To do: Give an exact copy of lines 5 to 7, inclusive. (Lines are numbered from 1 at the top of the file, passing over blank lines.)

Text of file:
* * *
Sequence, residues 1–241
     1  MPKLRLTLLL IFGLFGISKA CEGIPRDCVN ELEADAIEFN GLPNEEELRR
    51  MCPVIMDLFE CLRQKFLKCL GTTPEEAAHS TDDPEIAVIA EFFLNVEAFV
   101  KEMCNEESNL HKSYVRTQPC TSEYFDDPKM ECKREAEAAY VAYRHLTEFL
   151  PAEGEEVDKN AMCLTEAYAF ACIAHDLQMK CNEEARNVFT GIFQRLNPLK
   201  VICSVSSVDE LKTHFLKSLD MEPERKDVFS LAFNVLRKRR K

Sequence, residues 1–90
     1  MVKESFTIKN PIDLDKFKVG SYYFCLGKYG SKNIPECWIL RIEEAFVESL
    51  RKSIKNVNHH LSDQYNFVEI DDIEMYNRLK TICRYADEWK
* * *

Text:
   151  PAEGEEVDKN AMCLTEAYAF ACIAHDLQMK CNEEARNVFT GIFQRLNPLK
   201  VICSVSSVDE LKTHFLKSLD MEPERKDVFS LAFNVLRKRR K

Sequence, residues 1–90